MANILA (Reuters) – The Philippine power grid operator, partly owned by China’s State Grid Corp, is in hot water for what the government said was its failure to prevent an outage that left millions without electricity for days.
President Ferdinand Marcos Jr shared his dismay on Friday, saying the situation “caused significant hardship to our people, crippling businesses, compromising livelihoods and endangering those in need of health care.”
Power supply was fully restored on Friday in affected areas that included the Panay island and parts of Western Visayas in the central Philippines.
China’s State Grid has a 40% stake in the National Grid Corporation of the Philippines (NGCP) after winning a 25-year concession in 2007 to run the country’s sole power transmission operator with other investors.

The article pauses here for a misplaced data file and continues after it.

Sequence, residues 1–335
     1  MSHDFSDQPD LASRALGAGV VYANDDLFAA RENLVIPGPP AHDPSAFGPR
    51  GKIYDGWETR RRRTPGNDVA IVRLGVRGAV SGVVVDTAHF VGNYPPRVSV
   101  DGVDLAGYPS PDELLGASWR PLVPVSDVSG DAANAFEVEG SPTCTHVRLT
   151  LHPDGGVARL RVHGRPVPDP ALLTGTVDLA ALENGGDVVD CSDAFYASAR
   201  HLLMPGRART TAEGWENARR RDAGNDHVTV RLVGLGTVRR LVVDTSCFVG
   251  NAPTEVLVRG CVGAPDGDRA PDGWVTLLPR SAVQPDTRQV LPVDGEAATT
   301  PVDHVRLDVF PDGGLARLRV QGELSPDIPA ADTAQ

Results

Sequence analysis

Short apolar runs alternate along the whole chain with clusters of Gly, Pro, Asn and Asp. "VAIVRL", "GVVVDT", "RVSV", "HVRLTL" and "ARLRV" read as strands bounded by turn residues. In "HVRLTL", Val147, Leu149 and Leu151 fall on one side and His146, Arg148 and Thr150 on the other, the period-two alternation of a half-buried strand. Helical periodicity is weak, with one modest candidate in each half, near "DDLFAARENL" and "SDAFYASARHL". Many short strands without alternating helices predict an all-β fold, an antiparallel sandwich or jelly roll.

The remaining 60% is held by Filipino investors including Synergy Grid & Development Phils Inc., led by Henry Sy Jr., who belongs to the country’s richest family, and insurance industry tycoon Robert Coyiuto Jr.
Marcos, in a video message posted on social media platforms, said NGCP failed to resort to manual load dropping, or rotational brownouts, resulting in the power crisis, a charge which the transmission company rejected.
“Accountability lies with the NGCP. They are tasked with grid stability. Stability involves proactive responses to breakdowns and unexpected events, a duty that NGCP unfortunately has not fulfilled adequately,” Marcos said.
NGCP said in a statement on Friday the problem arose from unplanned shutdowns of power generators.
“We firmly refute allegations suggesting that NGCP failed in its obligation to stabilize the transmission system. We also take exception to the allegations that we were less than transparent in providing information to the public,” NGCP said.
(Reporting by Karen Lema and Mihail Flores; Editing by Andrew Cawthorne)